Tigers host community-wide potluck dinner

Published 11:37 am Wednesday, August 20, 2014

McKenzie head football coach Josh McLendon introduces the Tigers football team to a gym full of McKenzie fans, and also thanks them for their continued support.

McKenzie head football coach Josh McLendon introduces the Tigers football team to a gym full of McKenzie fans, and also thanks them for their continued support.

There was no shortage of food or fellowship Monday night as the McKenzie Tigers football team and cheerleaders were formally introduced to the town’s residents.

After a potluck dinner provided by various members of the community, McKenzie head football coach Josh McLendon took to the stage to introduce the 23 players comprising the 2014 Tigers team.

McLendon thanked McKenzie residents for their continued support, and added that it would be vital for the team’s success in the fall.

But it hasn’t been all sunshine and rainbows for the Tigers this summer, and McLendon recounted one particularly rough day of practice last week that proved to be a pivotal turning point in the Tigers’ growth as a unit.

“It was the first day of school, so I understand they were tired,” McLendon said.

“But they came out and they were just going through the motions. God only gives us so much time here on Earth and we don’t want to waste our time, especially not at practice where we try to get better.”

The following day of practice had the potential to be even worse, with a number of football players missing and others left unsure whether they would play in the fall.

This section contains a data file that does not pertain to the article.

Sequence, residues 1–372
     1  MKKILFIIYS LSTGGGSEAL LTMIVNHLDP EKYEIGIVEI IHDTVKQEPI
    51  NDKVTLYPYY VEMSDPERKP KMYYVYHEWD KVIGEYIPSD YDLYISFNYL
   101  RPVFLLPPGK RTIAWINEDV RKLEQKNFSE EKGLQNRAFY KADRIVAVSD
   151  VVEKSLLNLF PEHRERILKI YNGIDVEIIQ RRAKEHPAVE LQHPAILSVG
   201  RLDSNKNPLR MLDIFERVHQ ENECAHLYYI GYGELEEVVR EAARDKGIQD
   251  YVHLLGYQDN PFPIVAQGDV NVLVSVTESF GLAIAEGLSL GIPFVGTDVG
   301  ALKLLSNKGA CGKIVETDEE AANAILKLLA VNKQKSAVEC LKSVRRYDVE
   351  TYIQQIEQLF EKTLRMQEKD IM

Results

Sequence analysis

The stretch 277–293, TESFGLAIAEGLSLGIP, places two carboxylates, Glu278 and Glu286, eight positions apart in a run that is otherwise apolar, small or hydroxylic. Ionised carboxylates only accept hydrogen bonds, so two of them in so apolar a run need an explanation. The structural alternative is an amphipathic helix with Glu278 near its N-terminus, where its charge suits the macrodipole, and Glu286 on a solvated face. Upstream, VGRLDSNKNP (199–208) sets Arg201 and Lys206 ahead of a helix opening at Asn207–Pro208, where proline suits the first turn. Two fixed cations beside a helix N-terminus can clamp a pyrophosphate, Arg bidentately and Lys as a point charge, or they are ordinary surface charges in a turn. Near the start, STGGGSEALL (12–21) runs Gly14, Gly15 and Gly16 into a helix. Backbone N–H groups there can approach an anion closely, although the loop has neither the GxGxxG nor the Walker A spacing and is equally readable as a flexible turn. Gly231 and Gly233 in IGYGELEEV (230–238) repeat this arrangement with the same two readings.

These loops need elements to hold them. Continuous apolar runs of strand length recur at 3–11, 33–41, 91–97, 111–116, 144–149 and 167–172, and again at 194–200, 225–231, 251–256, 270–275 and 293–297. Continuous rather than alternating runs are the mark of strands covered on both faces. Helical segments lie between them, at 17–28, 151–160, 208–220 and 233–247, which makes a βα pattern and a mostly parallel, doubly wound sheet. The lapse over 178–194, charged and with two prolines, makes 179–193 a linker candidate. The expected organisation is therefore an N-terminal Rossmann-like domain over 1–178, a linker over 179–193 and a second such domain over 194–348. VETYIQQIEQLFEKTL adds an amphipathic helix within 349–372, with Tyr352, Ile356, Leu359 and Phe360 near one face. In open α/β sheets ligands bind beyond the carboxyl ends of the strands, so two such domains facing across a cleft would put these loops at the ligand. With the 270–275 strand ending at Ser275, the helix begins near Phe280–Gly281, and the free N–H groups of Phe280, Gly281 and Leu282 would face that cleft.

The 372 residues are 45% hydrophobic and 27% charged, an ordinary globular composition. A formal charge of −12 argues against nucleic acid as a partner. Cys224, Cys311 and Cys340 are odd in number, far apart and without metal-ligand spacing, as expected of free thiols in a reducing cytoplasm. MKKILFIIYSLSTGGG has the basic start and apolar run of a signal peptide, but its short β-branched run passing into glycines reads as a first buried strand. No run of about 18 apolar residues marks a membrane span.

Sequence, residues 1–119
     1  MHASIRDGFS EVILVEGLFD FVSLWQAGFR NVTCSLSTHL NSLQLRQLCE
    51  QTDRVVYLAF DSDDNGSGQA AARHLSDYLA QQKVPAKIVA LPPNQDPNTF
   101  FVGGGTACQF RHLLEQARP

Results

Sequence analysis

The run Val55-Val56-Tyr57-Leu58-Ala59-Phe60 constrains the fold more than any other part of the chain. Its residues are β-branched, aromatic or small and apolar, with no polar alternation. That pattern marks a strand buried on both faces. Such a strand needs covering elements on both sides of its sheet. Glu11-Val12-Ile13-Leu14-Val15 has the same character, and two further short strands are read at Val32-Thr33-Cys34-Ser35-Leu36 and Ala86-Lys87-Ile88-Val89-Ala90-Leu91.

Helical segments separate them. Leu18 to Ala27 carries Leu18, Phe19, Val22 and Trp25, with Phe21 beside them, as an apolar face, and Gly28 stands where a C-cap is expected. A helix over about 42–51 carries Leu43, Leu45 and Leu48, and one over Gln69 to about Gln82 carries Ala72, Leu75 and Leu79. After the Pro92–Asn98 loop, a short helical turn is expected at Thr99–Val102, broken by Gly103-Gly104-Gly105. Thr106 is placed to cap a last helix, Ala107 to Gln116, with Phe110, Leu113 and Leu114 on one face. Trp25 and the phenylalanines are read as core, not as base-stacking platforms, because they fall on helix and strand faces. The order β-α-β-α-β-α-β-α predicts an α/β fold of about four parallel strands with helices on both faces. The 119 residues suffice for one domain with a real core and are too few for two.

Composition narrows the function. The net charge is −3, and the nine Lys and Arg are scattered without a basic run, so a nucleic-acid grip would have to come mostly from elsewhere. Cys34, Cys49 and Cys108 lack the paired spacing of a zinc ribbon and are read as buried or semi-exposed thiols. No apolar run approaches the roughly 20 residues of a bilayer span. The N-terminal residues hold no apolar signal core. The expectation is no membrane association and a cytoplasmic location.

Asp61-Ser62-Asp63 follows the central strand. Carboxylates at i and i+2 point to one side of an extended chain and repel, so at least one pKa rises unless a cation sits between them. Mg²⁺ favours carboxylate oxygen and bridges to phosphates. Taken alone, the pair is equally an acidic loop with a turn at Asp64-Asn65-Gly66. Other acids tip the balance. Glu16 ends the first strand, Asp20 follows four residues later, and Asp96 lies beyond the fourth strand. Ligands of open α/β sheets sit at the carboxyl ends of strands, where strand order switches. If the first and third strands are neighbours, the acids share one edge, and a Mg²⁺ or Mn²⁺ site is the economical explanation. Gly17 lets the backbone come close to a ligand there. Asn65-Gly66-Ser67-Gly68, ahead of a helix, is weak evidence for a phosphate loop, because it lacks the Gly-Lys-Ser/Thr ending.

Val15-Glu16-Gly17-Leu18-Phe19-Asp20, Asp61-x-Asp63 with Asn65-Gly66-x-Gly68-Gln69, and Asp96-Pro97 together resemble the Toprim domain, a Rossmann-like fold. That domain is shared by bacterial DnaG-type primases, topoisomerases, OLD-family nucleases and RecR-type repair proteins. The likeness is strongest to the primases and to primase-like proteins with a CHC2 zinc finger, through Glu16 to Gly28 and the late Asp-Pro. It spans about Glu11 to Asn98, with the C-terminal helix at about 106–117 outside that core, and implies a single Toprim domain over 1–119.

Only 15 players showed up to practice that day, and McLendon was at his wit’s end.

“I was at a loss, I was struggling, I was focusing on the wrong thing and my attitude was not where it was supposed to be,” McLendon added.

“I look over at these guys and they couldn’t be happier—more fired up to be out there.  The numbers we had was the furthest thing from their minds.  They just wanted to be out there on that football field playing and having a good time.  So while us coaches were over there struggling, these guys taught me something. They taught me that, for one, your attitude needs to be better. The second thing, and the most important lesson, was that God is in control of everything.”

The trial has transformed the Tigers team into a family, and McLendon remarked that small numbers can sometimes be advantageous—after all, the close-knit nature of the McKenzie community is one of its best features.

“I don’t care if you’ve got 50 or 23 young men like we have tonight—if you’re pulling on the same chain and everybody’s pulling in the same direction, then you’re going to be successful.”